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Our Master’s Plan of Evangelism

It took Jesus three and one-half years 24/7 to complete His course on discipleship. And if it took Jesus that long, why should we expect us to take any less time?

In 1963 Robert Coleman wrote the book, “The Master Plan of Evangelism” (Revell, a division of Baker Publishing), with several updates since then. Central to the book is the concept that we should not only learn from the teaching of Jesus but also His example of making disciples. By studying what Jesus did, we can absorb numerous lessons on disciple-making.

We see that Jesus reached out to the masses but grew a small pool of candidates. He looked for those willing to learn, giving little regard to social status. Followers needed to accept the cost: to die to self and place God above all other priorities.

Jesus demonstrated a variety of teaching strategies. He showed a willingness to give Himself away. Disciples were to learn through modeling, not just words. Jesus would often hide the truth from the masses, only revealing it to those who were willing to listen and learn. He taught the concept, that to obey is to learn, and He would constantly monitor their progress. The class was always in session, and His students were often sent off on work assignments, to gain hands-on learning.

By His example, Jesus demonstrated intensive prayer and the authoritative use of Scripture. He taught naturally, using common experiences of everyday life as examples. But a key element not to be overlooked is that His teaching was Spirit-empowered.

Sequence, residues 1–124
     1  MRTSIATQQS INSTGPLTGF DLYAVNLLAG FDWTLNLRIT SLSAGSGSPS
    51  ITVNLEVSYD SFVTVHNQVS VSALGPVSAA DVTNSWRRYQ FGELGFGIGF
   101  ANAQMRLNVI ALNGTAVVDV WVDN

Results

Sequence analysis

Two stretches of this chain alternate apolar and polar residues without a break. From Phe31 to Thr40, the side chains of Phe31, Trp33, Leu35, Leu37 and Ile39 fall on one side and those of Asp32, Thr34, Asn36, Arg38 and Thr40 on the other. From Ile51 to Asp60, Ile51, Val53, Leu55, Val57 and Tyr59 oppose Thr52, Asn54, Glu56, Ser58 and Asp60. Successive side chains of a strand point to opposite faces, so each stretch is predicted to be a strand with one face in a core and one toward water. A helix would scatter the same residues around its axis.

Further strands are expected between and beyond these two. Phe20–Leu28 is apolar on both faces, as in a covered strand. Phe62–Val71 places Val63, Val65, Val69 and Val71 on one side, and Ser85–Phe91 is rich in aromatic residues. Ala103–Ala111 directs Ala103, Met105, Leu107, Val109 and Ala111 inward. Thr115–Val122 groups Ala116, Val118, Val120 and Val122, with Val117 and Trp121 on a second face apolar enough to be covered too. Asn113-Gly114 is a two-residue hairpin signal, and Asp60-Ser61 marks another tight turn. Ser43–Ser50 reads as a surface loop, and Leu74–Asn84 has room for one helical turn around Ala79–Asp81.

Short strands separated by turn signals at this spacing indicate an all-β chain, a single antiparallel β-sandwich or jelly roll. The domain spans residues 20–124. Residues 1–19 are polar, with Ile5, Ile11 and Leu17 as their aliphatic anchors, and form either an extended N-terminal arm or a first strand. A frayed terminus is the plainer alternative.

Many churches today are putting many, if not most, of these approaches into practice, but they are lacking one key element: time. It took Jesus three and one-half years 24/7 to complete His course on discipleship. And if it took Jesus that long, why should we expect us to take any less time? That is the great hurdle that most churches have not been able to overcome.

There was a time when most families were focused on God and their lives were centered around the church. Those days are gone. Children simply are not being exposed to the number of discipleship experiences necessary to transform them into disciples. Often God is little or no part of their lives. 

It is for this reason that I am committed to ministries that invest a significant amount of time and effort into the disciple-making process. Some of the ministries I support and am involved in are Rock Solid Teen Center and FaithPrep. The most impacting of the two is FaithPrep Christian school, as it provides an opportunity to develop a Christian worldview. Although FaithPrep is online, they use real teachers, and in-house teachers can guide and supplement their learning experience. FaithPrep is inexpensive, as it is accredited in the state of Indiana, allowing access to Indiana Choice Scholarships, which can cover up to 90% of tuition. If there is any way that a church can start a school, possibly a hybrid of homeschoolers and online students, we should do all that is within our ability to make it a reality.

In service to Christ,

Mark Eastway

Pastor, Burket Bible Church

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